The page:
Here is a list of the PID conversions in the OBDZero app. Most of the useful conversions were found by others on this tread before I started looking.
Each PID contains 1 to 8 bytes. The first byte is numbered 1 and the last byte is numbered 8. When on/off information is code it is coded in the bits of a byte, a bit equal to 1 means on, except brake on/off where 2 equals on. The bits are numbered in the table above by positional value in the byte i.e. 1, 2, 4, 8, 16, 32, 64, 128. The low nibble in a byte is the number represented by the 4 least significant bits and the high nibble is the number represented by the 4 most significant bits.
I believe that acceleration, rotation, wheel speed, and steering wheel position are all part of the electronic stability system but this is just guess. and I’m not sure of the conversion factors.
The current to the 12 volt battery charger is very much a guess and I’m not at all sure of it.
I’m fairly sure that that these two conversions are motor amps and regeneration amps. In order to find the conversion factors I have compared these with battery amps in and out. However because of many other factors this comparison is difficult and the conversion factors are uncertain.
Until recently I have used the displayed speed (PID 412) as the speed of the car. However I now use the speed based on PID 215 because it indicates car movement 1 to 2 seconds before the displayed speed, it has a digit after the decimal point, and it is always in km/h. I received data from a car in the UK where the PID 412 speed was in mph. Knowing for sure whether the numbers are in metric or English units is necessary for the calculations the app performs.
There are two values for the State of Charge (SoC). Both are computed by the car as part of a system for estimating the present 100% capacity of the battery aka State of Health (SoH). As such neither is more correct than the other.
The battery amps in, the current to the battery can be both positive and negative. The sign is in relation to the battery so charging is positive and discharging is negative. However most of the computations in OBDZero are from the perspective of the motor and auxiliary functions. So for battery amps out calibrated, discharge is positive and charging is negative. The motor current is always positive and regeneration current is always negative. The heater current and the air-conditioning current are both positive. However this convention doesn’t apply to the charging unit current to the battery and the Chademo current to the battery both of which are positive. A description of the calibration of battery amps out can be found at:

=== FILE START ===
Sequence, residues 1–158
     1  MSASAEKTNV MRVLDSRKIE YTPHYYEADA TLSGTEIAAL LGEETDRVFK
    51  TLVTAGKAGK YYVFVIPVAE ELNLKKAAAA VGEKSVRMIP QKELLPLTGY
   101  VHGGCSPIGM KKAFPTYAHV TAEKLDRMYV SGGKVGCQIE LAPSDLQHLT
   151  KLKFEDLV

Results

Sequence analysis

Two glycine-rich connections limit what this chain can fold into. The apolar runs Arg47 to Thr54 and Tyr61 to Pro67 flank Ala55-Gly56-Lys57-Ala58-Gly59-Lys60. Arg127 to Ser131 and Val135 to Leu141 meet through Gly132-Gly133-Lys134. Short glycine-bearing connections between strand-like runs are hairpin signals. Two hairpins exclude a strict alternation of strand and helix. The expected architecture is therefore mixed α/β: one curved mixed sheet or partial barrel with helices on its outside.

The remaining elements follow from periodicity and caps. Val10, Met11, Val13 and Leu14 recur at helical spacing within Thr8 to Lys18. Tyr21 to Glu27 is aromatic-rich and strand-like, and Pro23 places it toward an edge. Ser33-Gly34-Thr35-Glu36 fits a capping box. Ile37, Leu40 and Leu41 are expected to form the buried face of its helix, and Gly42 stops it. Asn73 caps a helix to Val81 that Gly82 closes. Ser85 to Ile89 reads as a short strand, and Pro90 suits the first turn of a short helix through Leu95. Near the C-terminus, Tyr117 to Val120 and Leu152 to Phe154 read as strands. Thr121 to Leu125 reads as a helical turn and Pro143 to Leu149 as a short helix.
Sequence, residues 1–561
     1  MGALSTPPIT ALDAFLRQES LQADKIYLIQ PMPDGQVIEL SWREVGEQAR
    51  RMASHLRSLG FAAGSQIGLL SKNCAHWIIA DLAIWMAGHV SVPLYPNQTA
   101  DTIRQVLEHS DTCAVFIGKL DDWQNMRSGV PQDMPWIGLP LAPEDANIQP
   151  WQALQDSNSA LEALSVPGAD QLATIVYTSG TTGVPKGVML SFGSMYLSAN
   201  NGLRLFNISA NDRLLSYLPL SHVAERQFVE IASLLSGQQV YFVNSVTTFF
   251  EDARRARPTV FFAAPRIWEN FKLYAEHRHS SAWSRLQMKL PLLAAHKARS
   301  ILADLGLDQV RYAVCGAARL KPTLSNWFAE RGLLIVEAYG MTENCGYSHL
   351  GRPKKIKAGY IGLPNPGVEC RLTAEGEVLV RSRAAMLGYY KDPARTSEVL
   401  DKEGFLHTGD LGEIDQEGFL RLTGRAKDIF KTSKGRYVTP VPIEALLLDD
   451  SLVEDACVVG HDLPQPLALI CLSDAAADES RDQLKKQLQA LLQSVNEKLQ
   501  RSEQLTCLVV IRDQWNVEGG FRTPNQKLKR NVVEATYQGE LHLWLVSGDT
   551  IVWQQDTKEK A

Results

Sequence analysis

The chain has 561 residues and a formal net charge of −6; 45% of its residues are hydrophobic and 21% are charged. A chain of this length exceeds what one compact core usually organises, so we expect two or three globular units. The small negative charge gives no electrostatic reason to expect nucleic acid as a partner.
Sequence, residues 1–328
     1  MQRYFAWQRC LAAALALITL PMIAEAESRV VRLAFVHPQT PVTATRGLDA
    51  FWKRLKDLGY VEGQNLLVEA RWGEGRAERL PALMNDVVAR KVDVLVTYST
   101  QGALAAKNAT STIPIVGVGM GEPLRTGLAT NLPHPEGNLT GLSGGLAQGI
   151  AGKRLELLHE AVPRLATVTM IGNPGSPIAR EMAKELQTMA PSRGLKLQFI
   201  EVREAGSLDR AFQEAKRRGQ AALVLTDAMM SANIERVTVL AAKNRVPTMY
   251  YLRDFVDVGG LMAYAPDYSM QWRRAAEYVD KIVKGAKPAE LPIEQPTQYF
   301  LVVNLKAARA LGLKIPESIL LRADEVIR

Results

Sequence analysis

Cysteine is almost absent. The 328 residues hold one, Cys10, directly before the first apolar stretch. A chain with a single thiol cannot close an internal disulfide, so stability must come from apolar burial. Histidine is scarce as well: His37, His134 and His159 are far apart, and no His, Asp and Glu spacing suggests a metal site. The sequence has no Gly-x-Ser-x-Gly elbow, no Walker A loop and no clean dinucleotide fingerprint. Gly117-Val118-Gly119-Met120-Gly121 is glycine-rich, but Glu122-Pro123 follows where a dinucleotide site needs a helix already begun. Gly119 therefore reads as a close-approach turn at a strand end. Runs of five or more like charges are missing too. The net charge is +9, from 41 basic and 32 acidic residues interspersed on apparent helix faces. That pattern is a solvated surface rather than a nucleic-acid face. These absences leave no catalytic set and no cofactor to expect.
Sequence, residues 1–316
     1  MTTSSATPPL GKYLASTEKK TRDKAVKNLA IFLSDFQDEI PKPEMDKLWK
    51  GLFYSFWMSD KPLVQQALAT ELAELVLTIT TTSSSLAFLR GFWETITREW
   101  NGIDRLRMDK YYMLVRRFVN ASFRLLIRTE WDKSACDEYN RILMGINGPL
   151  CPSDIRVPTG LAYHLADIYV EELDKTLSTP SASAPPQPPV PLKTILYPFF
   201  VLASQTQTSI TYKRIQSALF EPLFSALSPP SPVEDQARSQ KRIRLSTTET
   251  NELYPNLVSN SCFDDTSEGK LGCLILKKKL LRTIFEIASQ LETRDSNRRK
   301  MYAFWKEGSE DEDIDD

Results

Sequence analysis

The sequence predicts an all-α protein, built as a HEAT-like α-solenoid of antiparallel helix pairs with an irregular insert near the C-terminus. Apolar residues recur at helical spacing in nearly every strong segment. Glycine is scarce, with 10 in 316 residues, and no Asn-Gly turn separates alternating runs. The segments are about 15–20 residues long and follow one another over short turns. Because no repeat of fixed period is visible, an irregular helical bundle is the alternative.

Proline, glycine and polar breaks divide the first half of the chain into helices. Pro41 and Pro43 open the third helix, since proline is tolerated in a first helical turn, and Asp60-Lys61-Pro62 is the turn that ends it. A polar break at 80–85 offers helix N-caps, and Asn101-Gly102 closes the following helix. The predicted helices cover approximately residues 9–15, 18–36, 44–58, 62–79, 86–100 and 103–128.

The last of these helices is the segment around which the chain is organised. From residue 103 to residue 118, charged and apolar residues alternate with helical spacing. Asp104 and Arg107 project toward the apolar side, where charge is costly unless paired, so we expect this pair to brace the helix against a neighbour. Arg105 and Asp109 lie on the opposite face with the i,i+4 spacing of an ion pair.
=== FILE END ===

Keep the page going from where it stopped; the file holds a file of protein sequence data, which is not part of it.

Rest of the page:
I have compared this conversion with the measured temperature for my location and the agreement is good but not perfect. The car’s outside temperature is often below the measured temperature when first starting the car but increases to the measured temperature while driving.
The gear position is a bit complicated. The information is contained in PID 285. If byte(7) equals 12 then the position is either Park or Neutral with no indication of which. If byte(7) equals 14 and byte(8) equals 16 then the position is Drive. If byte(7) equals 14 and byte(8) doesn’t equal 16 then the position is Reverse. There is probably another PID where the gear position is more explicit, but I haven’t found it yet. Another thing, the iMiev has two more gear positions than the CZero and the iOn. Both these positions are shown as Drive in OBDZero.
The coding of the individual cell information is not shown above. See